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North Delta history: Back-to-school, 100 years ago

What school was like for kids in North Delta during the closing months of the First World War?
Photo of the original Annieville School taken in the 1950s. (Photo courtesy of the Delta Archives)

By Nancy Demwell, Delta Museum and Archives Society

Back to school in September 1918 in North Delta had some similarities to school today: Children with diverse backgrounds were excited to be back with friends in the schoolyard and return to the routine of the classroom. It also had sharp differences, as they returned to one- or two-room schoolhouses in a community and country that had endured four years of a world war.

In 1918, North Delta had two elementary schools, Annieville and Sunbury, and some children attended Scott Road School on the Surrey side of Scott Road at 64th Avenue. High school students had to make their way to King George V High School in Ladner or to Cloverdale Public School in Surrey. For many, it was a long walk, wagon ride or trip on the interurban railway.

The school day for elementary students began in the schoolyard, where the British Union Jack was raised and students sang “God Save the Queen.” The teacher or a senior pupil would arrive early to bring in wood to heat the classroom and haul water from a nearby farm for use during the day.

From youngest to oldest, the pupils filed into the classroom in silence, removed their coats and stood in a line for inspection. The teacher checked them for clean nails, combed hair, clean and tidy clothing, and possession of a handkerchief. Students were given demerit points if they failed to meet the standard expected.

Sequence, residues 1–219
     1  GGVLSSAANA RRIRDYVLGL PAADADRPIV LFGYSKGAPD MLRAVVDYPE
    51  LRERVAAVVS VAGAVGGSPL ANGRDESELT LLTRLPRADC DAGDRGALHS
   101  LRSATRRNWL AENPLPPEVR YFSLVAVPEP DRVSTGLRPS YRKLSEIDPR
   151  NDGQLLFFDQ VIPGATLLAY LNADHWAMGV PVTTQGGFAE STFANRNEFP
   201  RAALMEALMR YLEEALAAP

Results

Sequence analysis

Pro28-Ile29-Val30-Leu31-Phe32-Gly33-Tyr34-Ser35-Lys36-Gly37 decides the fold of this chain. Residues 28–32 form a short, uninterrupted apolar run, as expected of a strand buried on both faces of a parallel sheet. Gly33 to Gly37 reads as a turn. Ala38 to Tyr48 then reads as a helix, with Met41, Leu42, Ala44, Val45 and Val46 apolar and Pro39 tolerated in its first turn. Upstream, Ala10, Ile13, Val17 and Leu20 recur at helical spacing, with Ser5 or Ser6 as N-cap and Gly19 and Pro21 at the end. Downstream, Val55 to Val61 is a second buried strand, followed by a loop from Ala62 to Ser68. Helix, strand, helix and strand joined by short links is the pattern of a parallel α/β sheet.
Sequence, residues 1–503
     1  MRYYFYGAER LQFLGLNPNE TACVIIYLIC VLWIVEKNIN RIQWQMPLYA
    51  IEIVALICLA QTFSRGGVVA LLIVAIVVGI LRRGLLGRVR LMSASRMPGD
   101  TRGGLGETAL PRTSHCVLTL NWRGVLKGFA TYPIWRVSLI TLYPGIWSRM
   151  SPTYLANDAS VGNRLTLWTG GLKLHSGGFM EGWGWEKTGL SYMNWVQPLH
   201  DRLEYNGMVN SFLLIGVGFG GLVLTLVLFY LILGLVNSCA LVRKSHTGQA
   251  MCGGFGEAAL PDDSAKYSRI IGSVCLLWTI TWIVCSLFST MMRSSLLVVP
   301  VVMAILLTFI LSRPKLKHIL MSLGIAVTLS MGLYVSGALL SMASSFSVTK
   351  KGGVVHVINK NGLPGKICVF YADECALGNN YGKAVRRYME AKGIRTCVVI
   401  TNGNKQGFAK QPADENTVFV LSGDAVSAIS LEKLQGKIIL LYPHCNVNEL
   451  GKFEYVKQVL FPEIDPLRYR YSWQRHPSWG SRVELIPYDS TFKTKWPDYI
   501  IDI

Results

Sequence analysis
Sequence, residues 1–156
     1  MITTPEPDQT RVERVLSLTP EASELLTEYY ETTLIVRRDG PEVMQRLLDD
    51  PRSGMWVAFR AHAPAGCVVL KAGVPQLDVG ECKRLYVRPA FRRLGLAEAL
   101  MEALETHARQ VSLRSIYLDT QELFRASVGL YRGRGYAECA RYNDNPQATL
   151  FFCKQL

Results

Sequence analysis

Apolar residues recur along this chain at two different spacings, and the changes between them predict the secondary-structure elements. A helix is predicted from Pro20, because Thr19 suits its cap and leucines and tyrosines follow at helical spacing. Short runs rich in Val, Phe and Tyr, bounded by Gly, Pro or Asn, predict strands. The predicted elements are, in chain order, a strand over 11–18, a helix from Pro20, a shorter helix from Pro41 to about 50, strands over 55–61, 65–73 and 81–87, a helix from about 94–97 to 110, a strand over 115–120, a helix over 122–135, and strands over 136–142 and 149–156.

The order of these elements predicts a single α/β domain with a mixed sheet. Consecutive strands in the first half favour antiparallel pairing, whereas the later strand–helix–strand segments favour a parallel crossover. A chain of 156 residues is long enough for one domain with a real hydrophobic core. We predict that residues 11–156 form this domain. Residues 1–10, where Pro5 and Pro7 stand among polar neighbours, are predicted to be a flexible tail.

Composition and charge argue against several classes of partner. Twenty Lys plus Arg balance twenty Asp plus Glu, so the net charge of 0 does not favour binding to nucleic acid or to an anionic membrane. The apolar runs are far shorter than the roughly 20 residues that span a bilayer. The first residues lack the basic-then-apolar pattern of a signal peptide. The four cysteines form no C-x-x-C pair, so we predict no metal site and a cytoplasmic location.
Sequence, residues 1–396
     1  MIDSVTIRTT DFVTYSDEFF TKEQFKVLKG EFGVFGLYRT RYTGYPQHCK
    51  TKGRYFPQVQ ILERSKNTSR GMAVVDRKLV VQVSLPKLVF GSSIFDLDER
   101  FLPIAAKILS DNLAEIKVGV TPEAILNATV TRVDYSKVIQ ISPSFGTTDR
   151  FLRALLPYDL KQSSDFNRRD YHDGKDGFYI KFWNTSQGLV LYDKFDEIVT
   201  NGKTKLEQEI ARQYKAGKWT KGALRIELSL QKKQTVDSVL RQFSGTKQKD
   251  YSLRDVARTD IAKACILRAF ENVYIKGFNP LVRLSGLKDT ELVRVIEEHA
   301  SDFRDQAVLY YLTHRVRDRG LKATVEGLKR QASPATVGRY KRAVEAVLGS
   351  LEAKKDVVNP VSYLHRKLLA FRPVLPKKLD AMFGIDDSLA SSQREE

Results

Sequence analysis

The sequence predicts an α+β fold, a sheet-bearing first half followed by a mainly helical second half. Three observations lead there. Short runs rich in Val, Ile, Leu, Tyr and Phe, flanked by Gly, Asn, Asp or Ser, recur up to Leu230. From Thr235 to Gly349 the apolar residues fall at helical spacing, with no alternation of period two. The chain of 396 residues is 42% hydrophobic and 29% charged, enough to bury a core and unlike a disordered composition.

Morning curriculum was reading, writing and arithmetic. The teacher began daily instruction with the younger children seated at the front of the class, where they recited their numbers or letters, read aloud or computed sums on their hand-held slates. The older children did seat work at the back of the room or assisted the teacher with the younger children. Their reading materials and arithmetic problems were often based on patriotic or war-related themes; for example, arithmetic problems comparing the numbers of Allied and German prisoners of war.

In the afternoon, the children heard patriotic stories, often from the series The Children’s Story of the War, compiled scrapbooks following the events of the war, and worked on compositions or artwork based once more on the role of British subjects and their allies.

While these young children began their first week of school in September, the Second Battle of the Somme raged, where there were more than 3,500 Canadian casualties. The reality for these children at home was friends, neighbours and possibly family returning from the front with missing limbs, damaged lungs from gas attacks, or shell shock (now called PTSD).

With fathers and brothers absent, farms and fishing were now left to their mothers and grandparents, and children had much of the responsibility for chores at home. Also, in October, the Spanish Influenza arrived in the Lower Mainland, killing 900 people in three months. Schools in North Delta were closed by November.

In comparison, September 2018 school days are carefree and comfortable. We have schools in our neighbourhoods, resources to investigate the world in a variety of ways and the freedom to have opinions that are our own. Much of what we have is because of those soldiers, leaders and young people 100 years ago.

Nancy Demwell is a board member with the Delta Museum and Archives Society.

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